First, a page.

“Music is particularly powerful because it is a complex, but accessible, activity,” explains Gilles. “Music is complex because it involves multiple senses. For instance, sound, vision and touch are integrated together when playing an instrument.” The benefits of music are spread across the spectrum of physical and mental health. For example, engaging with music triggers the release of dopamine, the ‘feel-good’ hormone that elicits feelings of pleasure and reward. “Music is also a powerful tool for promoting cognitive well-being,” Gilles adds. “Introducing new skills and new knowledge ignites curiosity and cognitive growth, which can be especially valuable for older adults.”
Collective music-making can be a form of social cohesion. It has the power to connect people, which helps to combat social isolation. However, many individuals who could most benefit from such music-making activities are commonly excluded from mainstream music participation. “People with mental health issues, physical limitations or cognitive impairments often experience an unwelcome reception when trying to involve themselves in musical activities, even if their impairments do not hinder their ability to participate in collective music-making,” says Gilles. “Bringing music to these vulnerable populations can help overcome feelings of exclusion and isolation.”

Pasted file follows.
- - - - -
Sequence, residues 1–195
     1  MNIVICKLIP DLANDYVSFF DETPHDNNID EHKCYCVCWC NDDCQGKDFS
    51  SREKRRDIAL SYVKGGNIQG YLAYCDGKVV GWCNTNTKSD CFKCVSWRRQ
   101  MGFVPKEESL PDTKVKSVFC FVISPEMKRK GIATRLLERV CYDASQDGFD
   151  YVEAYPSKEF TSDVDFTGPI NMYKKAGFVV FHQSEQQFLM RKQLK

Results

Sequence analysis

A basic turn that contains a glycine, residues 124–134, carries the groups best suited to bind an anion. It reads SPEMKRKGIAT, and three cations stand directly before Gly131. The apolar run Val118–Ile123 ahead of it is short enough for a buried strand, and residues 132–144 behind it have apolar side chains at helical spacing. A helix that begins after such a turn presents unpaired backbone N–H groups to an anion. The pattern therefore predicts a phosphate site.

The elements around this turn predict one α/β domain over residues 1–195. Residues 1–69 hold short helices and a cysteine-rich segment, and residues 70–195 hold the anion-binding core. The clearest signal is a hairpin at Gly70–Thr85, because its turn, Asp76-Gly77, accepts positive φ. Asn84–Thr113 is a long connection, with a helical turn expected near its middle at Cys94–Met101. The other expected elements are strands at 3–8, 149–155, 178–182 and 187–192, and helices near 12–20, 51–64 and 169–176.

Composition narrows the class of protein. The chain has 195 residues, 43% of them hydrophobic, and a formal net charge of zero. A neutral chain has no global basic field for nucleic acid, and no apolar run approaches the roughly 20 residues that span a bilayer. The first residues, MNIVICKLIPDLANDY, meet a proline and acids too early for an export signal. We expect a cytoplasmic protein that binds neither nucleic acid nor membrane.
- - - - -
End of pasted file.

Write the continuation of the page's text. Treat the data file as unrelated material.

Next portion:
This is not just about improving the well-being of individuals; it is also supporting a fundamental human right. “The Human Rights Act emphasises the need to provide equal opportunities for engagement in the arts,” says Gilles. “That means all people, including marginalised populations, should have the chance to foster their artistic aspirations and take advantage of the health benefits of music participation.”
The Music and Health Research Institute
The Music and Health Research Institute aims to increase the body of research into the links between music and both physical and mental health, and to provide ways to implement these research findings. “We explore interactions between music and health with the aim of developing solutions to improve well-being for individuals and communities,” explains Gilles. “Our vision is to increase our understanding about how best to integrate musicians and music educators into healthcare and social settings.”